Gallery Gabrielle Pizzi - Exhibiting Contemporary Australian Aboriginal Art

George Tjungurrayi

Classic Concentric Circle Iconography

b. 1947, Kiwirrkura, Northern Territory

George Tjungurrayi was born in 1947 in the remote desert area, west of Kiwirrkura and moved to Papunya in the early 1960s. George Tjungurrayi and his older brother, artist Willy Tjungurrayi, belong to the Pintupi language group and both commenced painting in West Camp at Papunya in 1976. George Tjungurrayi’s tribal country includes significant ceremonial sites near Wala Wala, Kiwirrkura, Lake Mackay, Kulkuta, Karku, Ngaluwinyamana and Kilpinya, north-east of Kintore across the Western Australian border.

George Tjungurrayi initially focused on the classic concentric circle iconography in interpreting the particular heroic mythological events for which he is custodian. However, since 1995 his style has diverged dramatically, concentrating on linear, minimal designs to depict the Tingari Cycle Dreaming and the specific sacred sites located in his ancestral country. Tjungurrayi’s art exemplifies to a mesmerizing degree, some of the classic trademarks of the Pintupi style: sacred, iconic imagery, bold, graphic execution and subtle use of colours.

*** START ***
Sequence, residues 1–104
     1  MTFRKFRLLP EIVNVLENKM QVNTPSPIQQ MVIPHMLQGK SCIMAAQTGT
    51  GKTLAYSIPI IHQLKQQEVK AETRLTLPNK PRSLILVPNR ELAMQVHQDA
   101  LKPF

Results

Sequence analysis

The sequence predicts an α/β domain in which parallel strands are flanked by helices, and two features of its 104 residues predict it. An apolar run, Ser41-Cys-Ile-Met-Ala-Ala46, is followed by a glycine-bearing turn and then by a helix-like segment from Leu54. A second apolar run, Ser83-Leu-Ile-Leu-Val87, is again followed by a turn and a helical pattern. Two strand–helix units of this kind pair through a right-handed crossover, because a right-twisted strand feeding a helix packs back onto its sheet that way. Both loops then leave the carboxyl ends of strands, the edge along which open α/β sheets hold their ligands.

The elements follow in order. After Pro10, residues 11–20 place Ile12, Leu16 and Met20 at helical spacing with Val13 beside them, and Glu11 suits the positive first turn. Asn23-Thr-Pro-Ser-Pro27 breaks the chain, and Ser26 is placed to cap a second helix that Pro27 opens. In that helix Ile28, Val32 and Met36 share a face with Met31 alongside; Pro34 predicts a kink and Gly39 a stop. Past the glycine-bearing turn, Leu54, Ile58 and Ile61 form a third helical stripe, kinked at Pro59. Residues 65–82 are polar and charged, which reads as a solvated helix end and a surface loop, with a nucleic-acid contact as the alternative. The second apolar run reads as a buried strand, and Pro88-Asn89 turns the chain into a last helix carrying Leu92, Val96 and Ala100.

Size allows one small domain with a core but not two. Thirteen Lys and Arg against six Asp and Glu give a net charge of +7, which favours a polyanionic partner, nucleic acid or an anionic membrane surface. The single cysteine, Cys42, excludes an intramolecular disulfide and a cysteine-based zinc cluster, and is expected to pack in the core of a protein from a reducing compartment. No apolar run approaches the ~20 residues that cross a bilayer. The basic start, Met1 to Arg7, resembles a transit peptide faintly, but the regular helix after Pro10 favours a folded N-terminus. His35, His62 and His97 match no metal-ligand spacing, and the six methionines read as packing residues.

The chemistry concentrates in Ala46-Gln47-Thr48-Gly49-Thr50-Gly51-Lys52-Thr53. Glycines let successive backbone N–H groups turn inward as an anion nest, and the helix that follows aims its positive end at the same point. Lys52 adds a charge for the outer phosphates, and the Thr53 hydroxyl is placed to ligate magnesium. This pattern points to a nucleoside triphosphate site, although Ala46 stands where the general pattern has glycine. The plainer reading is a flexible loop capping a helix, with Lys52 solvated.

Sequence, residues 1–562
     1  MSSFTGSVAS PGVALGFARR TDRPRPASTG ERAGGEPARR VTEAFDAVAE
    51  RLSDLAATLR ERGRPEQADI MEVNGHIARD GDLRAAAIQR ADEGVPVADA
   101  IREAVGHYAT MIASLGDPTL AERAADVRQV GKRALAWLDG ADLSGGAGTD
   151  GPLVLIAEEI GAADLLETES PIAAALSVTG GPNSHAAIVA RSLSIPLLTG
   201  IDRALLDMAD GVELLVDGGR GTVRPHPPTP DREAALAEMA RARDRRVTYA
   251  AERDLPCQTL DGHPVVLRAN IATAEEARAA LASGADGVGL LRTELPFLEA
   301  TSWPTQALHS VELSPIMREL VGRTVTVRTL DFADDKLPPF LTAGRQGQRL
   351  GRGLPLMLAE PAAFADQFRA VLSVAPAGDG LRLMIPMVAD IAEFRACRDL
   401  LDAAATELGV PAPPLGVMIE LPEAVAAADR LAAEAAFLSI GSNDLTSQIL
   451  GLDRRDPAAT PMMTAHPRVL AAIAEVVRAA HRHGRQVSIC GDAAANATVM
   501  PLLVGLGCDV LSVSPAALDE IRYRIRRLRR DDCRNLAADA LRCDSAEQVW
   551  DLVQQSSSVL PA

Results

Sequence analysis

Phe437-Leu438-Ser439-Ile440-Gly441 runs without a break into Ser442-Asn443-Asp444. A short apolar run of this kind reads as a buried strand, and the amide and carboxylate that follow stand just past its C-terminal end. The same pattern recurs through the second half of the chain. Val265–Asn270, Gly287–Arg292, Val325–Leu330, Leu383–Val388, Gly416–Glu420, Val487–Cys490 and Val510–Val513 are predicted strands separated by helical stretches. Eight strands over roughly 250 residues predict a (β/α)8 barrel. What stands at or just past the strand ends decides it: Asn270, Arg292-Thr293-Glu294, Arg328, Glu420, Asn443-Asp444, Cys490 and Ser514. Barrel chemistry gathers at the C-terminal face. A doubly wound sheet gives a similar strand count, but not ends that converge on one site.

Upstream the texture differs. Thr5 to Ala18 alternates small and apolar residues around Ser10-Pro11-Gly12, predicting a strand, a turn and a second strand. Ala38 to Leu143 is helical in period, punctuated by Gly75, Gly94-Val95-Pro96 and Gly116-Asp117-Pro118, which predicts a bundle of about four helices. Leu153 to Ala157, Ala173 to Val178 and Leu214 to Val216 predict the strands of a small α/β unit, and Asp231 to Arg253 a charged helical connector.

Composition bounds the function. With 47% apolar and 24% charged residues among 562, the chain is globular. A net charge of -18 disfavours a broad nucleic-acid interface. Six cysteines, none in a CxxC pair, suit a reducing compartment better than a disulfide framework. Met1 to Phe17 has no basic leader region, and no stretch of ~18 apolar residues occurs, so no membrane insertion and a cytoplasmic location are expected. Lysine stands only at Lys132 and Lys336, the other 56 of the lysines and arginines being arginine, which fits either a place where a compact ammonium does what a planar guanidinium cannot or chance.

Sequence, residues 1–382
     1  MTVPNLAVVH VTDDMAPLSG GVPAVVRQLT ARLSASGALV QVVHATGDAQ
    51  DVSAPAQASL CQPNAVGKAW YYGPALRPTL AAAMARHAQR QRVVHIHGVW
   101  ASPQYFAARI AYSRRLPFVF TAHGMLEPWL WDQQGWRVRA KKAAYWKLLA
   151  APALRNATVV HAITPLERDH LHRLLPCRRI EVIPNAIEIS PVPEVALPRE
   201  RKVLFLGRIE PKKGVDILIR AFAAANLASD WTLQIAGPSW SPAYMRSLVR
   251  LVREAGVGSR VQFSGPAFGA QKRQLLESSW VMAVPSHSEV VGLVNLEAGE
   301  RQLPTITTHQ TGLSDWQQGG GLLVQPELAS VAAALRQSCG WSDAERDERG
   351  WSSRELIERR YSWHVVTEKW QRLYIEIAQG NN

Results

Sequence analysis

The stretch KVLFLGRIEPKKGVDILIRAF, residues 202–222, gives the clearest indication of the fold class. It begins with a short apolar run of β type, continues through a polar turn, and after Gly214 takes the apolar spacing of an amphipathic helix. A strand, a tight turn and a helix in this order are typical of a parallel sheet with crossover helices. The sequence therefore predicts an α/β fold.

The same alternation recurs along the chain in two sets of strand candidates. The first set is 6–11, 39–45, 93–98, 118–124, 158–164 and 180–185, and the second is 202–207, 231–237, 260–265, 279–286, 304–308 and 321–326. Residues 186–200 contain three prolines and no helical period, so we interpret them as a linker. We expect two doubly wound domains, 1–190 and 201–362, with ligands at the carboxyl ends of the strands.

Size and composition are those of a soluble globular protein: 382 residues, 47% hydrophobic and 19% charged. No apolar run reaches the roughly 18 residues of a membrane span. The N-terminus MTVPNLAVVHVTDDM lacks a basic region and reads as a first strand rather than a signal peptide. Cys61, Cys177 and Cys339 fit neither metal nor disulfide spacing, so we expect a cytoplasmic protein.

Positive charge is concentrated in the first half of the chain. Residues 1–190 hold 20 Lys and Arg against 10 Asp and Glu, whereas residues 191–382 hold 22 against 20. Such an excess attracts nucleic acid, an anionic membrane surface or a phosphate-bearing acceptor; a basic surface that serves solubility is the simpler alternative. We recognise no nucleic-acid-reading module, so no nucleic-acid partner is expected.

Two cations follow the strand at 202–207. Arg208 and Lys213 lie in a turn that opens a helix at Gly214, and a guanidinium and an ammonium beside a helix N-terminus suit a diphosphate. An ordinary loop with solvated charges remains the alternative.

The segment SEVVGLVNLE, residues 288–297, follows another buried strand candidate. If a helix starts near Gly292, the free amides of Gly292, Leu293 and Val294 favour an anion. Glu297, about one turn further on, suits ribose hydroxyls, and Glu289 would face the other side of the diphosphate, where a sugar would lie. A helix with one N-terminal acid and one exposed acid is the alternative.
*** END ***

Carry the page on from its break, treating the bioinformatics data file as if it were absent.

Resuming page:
George Tjungurrayi has exhibited regularly in group exhibitions since the early 1980s. In 1995 he was included in the exhibition Australia Now: Contemporary Aboriginal Art, at the Groninger Museum, Groningen, The Netherlands, and in 2000 he was selected to exhibit in Papunya Tula: Genesis and Genius held at the Art Gallery of New South Wales. He has since exhibited extensively in Australia and overseas including in Italy, Germany, France, Austria, Israel and the United Kingdom.  He is represented in the Collections of the National Gallery of Victoria, Melbourne; the Art Gallery of New South Wales, Sydney; the Musée des Arts d’Afrique et d’Océanie, Paris, France and the Groninger Museum, Groningen, The Netherlands.

ACGA - Australian Commercial Galleries Association